A man was fatally shot to death by a state trooper during a chase.
In March of 2010, a 24-year-old father of three became involved in a high speed chase with police, and the pursuit took to a nearby highway. The man was being pursued in relation to a misdemeanor probation warrant, and the two troopers in pursuit called for backup, spikes and a road block along the route the man was fleeing.
While one trooper was chasing the man’s Pontiac Grand Am, the second trooper positioned himself on an overpass under which the fleeing man would pass. The trooper asked his commanding officer if he had permission to open fire on the car. According to the police records of this event, the commanding officer ordered the trooper on the overpass with a rifle to stand down. He felt there was no point in using a weapon to stop the man, as he was heading for spikes and a road block.
The trooper sighted his M-4.233 rifle, and fired at least six rounds into the man’s windshield. The man was hit in the left arm, shoulder, the neck and right shoulder, causing his death. Court documents indicate the trooper on the overpass stated that he did not hear the order to stand down; he has denied that he deliberately took aim at the driver. The police also stated the vehicle’s driver called their dispatcher twice and indicated he planned to shoot any officers following him or any that he spotted on the road.
When the man was shot, the car he was driving flipped numerous times. He was pronounced dead at the scene. Subsequent blood tests revealed he had cocaine and alcohol in his system.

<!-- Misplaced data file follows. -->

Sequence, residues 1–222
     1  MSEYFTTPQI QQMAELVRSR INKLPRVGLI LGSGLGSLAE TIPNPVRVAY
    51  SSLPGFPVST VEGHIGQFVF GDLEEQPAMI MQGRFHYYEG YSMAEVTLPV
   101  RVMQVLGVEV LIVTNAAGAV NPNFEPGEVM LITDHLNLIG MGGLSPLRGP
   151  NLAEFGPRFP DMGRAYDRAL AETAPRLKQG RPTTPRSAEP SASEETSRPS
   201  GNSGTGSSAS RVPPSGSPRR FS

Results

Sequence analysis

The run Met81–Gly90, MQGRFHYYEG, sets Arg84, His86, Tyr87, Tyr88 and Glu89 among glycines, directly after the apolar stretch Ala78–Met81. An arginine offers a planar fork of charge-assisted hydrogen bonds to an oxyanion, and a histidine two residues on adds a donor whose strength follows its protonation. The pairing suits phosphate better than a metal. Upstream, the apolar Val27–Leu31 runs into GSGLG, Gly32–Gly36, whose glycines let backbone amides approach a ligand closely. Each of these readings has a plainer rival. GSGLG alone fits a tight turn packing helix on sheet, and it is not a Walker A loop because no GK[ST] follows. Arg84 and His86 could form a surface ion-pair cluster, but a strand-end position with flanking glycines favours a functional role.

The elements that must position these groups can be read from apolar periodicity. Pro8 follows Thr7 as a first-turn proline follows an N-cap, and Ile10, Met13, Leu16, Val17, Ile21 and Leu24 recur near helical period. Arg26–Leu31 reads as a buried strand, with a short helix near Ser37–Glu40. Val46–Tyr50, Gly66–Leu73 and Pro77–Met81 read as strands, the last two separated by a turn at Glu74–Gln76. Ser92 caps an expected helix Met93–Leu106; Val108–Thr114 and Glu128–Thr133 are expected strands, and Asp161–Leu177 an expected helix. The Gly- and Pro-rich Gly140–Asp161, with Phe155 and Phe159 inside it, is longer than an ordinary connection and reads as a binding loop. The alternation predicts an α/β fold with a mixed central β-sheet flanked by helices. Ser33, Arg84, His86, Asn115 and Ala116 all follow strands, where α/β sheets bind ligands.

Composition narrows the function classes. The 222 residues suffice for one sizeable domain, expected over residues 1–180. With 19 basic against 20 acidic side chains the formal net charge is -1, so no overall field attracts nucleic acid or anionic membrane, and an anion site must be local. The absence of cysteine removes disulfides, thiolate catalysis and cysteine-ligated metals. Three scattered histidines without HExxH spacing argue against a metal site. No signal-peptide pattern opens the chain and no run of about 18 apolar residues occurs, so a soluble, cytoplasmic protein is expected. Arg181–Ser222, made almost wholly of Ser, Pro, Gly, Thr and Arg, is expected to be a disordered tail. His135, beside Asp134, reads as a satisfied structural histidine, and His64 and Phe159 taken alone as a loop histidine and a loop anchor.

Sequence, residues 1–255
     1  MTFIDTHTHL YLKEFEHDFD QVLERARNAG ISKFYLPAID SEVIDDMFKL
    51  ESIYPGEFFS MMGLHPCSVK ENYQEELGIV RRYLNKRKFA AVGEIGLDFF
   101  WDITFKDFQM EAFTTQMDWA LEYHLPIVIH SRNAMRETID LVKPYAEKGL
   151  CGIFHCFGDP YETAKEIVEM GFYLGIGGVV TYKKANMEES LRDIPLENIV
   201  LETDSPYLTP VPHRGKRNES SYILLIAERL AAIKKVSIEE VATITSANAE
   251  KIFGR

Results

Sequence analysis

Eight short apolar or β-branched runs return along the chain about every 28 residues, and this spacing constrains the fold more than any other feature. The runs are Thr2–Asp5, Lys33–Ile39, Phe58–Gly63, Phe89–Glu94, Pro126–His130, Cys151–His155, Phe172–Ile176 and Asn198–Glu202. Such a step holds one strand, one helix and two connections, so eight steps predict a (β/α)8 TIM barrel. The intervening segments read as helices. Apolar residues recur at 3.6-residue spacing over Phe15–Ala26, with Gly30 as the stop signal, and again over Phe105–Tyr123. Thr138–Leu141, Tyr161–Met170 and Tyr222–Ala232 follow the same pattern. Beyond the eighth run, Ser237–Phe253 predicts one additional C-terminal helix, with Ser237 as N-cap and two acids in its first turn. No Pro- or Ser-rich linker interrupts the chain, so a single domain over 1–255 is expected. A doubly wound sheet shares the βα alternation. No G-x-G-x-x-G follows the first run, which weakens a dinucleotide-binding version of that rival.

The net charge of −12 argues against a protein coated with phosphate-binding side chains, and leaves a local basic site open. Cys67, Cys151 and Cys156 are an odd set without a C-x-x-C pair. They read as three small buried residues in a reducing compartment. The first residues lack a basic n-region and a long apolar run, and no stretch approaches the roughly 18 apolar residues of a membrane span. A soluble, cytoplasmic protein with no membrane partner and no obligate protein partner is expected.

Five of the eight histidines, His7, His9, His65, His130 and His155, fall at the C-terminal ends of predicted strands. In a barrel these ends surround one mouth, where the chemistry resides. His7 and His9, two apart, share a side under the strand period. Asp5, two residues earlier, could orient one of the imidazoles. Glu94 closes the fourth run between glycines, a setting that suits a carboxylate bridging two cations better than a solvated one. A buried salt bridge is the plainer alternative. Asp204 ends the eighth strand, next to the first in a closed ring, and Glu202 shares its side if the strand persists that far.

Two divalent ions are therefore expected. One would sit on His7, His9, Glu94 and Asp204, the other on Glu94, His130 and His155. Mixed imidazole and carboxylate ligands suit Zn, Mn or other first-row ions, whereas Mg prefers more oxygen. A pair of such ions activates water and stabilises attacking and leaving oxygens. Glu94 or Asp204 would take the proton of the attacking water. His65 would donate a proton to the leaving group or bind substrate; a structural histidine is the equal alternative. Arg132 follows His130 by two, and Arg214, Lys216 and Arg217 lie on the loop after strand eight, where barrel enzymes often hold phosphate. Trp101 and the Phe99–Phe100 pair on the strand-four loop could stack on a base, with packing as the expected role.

The man’s mother filed a wrongful death lawsuit alleging excessive police force and a violation of her son’s civil rights. Evidently, a patrol vehicle dash cam showed the officer who shot the fleeing suspect telling other officers that he thought he had been proactive. The upshot of the evidence was that a federal judge refused to dismiss the Department of Public Safety from the wrongful death lawsuit.
This will be a difficult case, with a number of areas where the courts will face a decision regarding who they believe is telling the truth. The family may not be bringing this lawsuit because they want to get even with the police. They may simply wish to ensure nothing like this happens to another family. Yes, they are asking the courts to award compensation, but not for the sake of obtaining money, but to help the man’s three young children.
If you have been in a situation such as this, reach out and contact a skilled Atlanta personal injury lawyer. Find out your rights. Discuss how to move forward and what may happen when a wrongful death lawsuit goes to court. You can only move on with your life if you understand the outcome of a wrongful death lawsuit. Your Atlanta personal injury lawyer can discuss all the details with you.
Stephen M. Ozcomert is an experienced wrongful death lawyer in Atlanta Georgia. To learn more, visit http://www.ozcomert.com/ or call (404)-370-1000.